The 11 stocks include Raytron Technology Co Ltd, Zhejiang HangKe Technology Co Ltd, Montage Technology Co Ltd, Advanced Micro-Fabrication Equipment Inc China.
(Reporting by Josh Horwitz and Samuel Shen in Shanghai; Editing by William Mallard)
UK insurers estimate to pay up to 2.5 billion pounds for coronavirus claims
(Reuters) – The Association of British Insurers (ABI) said on Saturday insurers are likely to pay up to 2.5 billion pounds ($3.50 billion) for UK’s COVID-19 insurance claims incurred in 2020.
The latest estimates include 2 billion pounds for COVID-19 business interruption claims and 500 million pounds for COVID-19 related protection insurance claims, travel insurance claims and other general insurance products.
ABI’s Director General Huw Evans said in a release that the pandemic illustrated some uncomfortable gaps between what people expected to be covered for and what their policy was designed for.
“We need to learn lessons from this unprecedented event and redouble our efforts to improve consumers’ trust in insurance products,” he added.
The insurance trade body said 123,000 claims have been settled with payment so far and a further 9,000 have received partial payments as of mid-January 2021.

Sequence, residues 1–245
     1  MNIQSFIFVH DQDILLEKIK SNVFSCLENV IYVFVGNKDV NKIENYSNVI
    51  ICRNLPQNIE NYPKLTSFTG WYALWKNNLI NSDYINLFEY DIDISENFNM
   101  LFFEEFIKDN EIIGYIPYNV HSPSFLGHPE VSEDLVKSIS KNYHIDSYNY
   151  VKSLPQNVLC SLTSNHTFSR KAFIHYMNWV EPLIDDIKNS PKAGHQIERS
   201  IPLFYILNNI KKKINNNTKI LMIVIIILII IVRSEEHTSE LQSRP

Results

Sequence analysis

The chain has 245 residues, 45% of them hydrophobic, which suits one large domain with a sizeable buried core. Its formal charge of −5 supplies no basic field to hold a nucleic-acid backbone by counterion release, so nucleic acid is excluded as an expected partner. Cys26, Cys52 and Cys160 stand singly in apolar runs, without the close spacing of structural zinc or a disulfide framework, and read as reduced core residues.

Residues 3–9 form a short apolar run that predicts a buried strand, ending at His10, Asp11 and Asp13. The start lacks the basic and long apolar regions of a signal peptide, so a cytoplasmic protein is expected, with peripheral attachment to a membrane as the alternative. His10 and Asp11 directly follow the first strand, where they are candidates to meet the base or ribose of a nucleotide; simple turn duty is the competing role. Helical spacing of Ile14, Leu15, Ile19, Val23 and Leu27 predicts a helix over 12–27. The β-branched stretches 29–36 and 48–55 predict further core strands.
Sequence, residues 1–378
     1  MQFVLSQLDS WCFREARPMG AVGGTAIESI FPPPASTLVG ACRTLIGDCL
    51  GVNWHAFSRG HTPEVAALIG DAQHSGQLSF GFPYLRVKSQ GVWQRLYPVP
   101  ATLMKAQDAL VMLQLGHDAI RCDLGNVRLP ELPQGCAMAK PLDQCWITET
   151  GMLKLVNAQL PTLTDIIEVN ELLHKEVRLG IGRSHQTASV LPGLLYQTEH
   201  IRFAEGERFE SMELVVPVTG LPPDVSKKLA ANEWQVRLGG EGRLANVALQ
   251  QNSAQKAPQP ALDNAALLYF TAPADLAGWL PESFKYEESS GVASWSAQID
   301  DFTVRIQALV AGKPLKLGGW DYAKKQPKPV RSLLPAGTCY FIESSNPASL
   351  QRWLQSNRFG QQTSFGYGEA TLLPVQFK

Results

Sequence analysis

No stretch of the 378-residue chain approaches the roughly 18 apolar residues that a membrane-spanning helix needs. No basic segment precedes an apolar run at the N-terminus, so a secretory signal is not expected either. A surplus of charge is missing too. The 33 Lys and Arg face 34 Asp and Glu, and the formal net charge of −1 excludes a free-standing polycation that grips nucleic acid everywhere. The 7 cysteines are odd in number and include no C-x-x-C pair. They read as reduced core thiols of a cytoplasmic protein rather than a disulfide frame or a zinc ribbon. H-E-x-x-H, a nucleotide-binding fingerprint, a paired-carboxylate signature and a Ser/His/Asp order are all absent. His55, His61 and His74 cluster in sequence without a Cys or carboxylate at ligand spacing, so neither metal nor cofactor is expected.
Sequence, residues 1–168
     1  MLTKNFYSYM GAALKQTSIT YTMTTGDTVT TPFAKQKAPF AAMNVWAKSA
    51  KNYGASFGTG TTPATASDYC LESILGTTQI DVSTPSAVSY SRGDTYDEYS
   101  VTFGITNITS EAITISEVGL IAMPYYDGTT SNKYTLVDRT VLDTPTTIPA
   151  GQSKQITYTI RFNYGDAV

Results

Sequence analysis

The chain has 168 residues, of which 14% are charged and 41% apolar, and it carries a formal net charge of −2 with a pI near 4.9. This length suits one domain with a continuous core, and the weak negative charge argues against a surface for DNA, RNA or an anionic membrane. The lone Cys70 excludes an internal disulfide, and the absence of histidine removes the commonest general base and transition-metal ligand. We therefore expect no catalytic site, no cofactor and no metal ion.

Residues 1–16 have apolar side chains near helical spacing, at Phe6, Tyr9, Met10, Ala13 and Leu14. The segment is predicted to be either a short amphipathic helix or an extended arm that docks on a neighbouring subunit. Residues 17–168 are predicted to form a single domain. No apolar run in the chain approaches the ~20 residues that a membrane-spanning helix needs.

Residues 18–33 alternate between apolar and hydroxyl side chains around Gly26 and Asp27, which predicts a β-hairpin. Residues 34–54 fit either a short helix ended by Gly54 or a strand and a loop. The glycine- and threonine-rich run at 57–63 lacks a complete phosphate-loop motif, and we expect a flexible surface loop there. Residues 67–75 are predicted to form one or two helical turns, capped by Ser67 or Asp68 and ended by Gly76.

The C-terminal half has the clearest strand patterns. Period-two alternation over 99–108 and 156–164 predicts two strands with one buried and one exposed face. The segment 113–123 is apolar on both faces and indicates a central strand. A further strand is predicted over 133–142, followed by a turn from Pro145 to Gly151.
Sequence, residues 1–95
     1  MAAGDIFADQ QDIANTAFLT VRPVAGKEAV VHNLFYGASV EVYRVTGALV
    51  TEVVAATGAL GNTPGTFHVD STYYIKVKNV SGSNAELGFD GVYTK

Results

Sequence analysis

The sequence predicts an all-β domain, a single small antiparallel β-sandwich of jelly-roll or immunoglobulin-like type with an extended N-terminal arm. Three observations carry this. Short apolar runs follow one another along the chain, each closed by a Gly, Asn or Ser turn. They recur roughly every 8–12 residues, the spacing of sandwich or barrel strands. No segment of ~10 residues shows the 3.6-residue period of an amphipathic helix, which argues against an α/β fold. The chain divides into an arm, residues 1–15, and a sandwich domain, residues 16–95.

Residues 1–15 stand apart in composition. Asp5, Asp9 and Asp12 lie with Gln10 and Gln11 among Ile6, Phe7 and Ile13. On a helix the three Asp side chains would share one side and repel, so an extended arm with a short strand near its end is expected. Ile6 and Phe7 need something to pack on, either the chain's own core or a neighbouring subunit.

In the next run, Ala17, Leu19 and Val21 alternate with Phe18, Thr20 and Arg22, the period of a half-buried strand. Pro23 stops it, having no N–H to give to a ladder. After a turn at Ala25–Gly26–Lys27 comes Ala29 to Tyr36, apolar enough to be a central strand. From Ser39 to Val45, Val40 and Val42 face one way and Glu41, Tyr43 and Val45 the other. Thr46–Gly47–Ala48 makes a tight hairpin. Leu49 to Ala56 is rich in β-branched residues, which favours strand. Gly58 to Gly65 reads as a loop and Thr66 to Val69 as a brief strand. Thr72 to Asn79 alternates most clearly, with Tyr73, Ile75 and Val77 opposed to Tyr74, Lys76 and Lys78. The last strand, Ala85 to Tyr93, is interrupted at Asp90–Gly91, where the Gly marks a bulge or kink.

($1 = 0.7139 pounds)
(Reporting by Maria Ponnezhath in Bengaluru; Editing by Marguerita Choy)
Oil extends losses as Texas prepares to ramp up output after freeze
By Devika Krishna Kumar
NEW YORK (Reuters) – Oil prices fell for a second day on Friday, retreating further from recent highs, as Texas energy companies began preparations to restart oil and gas fields shuttered by freezing weather and power outages.
Brent crude futures ended the session down $1.02, or 1.6%, at $62.91 a barrel while U.S. West Texas Intermediate (WTI) crude fell $1.28, or 2.1%, to settle at $59.24.
For the week, Brent gained about 0.5% while WTI fell about 0.7%.
This week, both benchmarks had climbed to the highest in more than a year.
“Price pullback thus far appears corrective and is slight within the context of this month’s major upside price acceleration,” said Jim Ritterbusch, president of Ritterbusch and Associates.